NEW DELHI: “China was running a 12 per cent budget deficit even before the coronavirus hit, so even if it doesn’t publicise real figures, imagine how much trouble it’s in post COVID-19,” argues Dr. Salvatore Babones, Global Studies scholar at Sydney University and author. Speaking to StratNews Global Associate Editor Amitabh P.Revi, he warned that “the signs and circumstantial evidence(including abandoning 2020 GDP targets) are there, China is running out of money to fund its global superpower ambitions.” But then why is Beijing opening up so many fronts, from Japan to the Himalayas and Australia to America? Dr Babones says China’s leaders are consumed by western analysts’ and their own false rhetoric on being “better informed and more strategic than the rest of us” adding, “We don’t know their incompetence because they’re not publicly exposed like our leaders.”
Beijing’s grand strategy of dominance through the Belt and Road Initiative(BRI) including the China-Pakistan economic corridor(CPEC) are a “litany of unfulfilled promises and incomplete white elephant projects, from Gwadar to the Balkans, the author argues. “China could of course complete the CPEC, if for example it gave up its efforts in Africa, but internal politics is preventing that” adding to the fund crunch.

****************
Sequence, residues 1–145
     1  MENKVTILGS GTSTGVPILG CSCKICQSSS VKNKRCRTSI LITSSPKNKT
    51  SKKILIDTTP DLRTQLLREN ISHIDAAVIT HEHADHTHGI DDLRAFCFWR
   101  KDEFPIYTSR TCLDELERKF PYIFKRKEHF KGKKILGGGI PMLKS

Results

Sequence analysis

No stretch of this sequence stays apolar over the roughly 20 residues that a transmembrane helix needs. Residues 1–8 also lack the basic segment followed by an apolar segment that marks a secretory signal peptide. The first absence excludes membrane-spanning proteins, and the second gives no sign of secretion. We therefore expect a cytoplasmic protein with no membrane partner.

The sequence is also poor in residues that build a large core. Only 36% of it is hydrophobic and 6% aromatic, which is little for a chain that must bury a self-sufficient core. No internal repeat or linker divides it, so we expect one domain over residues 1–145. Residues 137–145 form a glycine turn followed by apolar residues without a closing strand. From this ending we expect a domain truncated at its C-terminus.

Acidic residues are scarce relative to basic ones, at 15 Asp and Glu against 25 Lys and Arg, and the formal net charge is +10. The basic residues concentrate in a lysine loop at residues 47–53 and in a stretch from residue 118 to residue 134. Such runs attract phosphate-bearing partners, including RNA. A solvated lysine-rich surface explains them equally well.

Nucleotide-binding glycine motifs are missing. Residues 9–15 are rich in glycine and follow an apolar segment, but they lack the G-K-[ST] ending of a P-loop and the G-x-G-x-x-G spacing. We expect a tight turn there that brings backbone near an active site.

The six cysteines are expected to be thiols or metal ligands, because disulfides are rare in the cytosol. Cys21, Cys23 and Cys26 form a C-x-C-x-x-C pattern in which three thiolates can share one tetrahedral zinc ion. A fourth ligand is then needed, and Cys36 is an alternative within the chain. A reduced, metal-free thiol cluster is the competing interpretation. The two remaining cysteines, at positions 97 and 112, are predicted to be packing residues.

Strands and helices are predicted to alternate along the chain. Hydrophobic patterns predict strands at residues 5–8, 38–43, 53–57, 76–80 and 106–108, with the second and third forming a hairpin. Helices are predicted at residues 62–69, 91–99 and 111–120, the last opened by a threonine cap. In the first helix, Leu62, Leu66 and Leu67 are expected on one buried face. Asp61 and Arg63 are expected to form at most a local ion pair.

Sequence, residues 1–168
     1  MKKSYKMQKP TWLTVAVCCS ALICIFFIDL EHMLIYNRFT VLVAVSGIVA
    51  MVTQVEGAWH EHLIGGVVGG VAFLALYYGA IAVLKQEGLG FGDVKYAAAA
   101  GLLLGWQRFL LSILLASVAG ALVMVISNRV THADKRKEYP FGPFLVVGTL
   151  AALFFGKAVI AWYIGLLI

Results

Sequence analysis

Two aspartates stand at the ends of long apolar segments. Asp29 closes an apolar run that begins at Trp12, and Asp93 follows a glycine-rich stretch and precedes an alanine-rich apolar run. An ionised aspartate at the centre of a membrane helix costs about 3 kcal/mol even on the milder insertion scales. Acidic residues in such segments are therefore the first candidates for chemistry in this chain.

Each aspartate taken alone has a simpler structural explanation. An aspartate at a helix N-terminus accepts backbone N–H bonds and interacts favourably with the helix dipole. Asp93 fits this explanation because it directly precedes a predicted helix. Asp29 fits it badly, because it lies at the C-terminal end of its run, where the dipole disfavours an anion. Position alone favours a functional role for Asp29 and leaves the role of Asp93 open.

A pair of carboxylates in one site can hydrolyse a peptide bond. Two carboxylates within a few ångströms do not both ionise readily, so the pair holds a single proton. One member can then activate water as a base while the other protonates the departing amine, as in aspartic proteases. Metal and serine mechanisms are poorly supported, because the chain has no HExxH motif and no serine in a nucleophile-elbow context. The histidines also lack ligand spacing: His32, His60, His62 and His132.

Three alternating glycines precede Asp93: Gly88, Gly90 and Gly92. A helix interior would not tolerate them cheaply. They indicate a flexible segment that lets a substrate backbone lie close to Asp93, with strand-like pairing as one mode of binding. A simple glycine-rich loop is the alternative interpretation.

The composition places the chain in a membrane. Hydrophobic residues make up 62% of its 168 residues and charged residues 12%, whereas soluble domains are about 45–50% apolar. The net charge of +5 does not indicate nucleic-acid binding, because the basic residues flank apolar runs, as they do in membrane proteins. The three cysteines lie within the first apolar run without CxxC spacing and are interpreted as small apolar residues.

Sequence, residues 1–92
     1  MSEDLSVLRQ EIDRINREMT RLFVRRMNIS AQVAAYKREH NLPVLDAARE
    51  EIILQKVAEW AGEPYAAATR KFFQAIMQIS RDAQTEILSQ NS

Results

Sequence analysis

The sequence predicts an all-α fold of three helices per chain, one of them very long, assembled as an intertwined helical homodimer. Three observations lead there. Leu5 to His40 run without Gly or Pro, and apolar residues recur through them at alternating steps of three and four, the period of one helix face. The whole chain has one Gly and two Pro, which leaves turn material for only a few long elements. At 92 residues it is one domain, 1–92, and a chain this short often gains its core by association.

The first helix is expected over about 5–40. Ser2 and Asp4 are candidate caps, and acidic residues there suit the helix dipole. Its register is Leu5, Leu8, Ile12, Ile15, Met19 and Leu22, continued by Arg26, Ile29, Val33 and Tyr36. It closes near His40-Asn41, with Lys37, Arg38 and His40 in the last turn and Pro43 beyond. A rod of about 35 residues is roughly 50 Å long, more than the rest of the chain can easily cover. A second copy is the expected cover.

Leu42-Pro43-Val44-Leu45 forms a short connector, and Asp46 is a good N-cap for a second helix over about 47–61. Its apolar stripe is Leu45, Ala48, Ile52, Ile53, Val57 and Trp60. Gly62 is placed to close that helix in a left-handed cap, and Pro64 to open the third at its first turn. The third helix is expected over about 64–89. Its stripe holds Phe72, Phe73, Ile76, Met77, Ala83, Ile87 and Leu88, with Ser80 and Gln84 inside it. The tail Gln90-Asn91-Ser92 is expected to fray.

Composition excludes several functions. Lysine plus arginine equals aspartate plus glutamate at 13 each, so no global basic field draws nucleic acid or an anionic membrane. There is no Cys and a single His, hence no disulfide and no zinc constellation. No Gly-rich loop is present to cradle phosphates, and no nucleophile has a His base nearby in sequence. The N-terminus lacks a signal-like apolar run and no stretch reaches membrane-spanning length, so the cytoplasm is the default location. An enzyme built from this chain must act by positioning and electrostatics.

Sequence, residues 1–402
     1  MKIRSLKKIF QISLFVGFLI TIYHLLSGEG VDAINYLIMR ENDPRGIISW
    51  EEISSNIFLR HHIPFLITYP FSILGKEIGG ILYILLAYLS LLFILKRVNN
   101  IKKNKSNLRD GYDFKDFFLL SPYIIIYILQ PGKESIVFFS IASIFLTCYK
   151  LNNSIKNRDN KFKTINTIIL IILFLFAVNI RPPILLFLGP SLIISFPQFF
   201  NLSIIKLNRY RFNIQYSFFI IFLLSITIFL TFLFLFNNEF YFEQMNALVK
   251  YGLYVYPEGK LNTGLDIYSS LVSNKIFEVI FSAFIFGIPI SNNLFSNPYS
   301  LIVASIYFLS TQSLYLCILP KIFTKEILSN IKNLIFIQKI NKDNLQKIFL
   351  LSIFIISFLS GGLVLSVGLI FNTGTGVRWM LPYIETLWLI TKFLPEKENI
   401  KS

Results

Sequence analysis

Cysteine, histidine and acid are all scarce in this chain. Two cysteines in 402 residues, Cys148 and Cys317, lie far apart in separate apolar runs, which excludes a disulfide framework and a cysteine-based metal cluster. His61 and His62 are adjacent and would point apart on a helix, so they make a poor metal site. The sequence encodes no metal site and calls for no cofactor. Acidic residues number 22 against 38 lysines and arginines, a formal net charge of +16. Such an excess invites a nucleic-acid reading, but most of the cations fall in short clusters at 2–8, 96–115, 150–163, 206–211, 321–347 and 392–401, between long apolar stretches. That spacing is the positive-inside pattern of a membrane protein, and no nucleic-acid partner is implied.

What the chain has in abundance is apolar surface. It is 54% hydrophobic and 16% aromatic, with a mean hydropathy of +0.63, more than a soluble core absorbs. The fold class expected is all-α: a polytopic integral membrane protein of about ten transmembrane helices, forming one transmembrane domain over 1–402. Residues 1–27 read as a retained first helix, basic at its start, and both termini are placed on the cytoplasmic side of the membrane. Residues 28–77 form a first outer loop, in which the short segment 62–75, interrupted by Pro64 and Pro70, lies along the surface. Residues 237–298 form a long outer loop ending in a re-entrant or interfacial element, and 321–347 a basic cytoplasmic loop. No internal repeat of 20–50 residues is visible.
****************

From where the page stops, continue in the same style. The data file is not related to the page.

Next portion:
Dr Babones points to big defence military spending, including on aircraft carriers and 5th generation fighters being put on hold, furloughed or pushed to the future. China’s fundamental strategic problem, he concludes, is that it faces automatic hostile stabilisers across the globe wherever it tries to expand. That, he says, is because Beijing is not invited in, but bullies, bribes and buys its way in.
Salvatore Babones is an adjunct scholar at the Centre for Independent Studies(CISOZ) and associate professor at the University of Sydney. He is the author of The New Authoritarianism: Trump, Populism and the Tyranny of Experts. Dr Babones has an MS in mathematical sciences and a PhD degree in sociology from the Johns Hopkins University.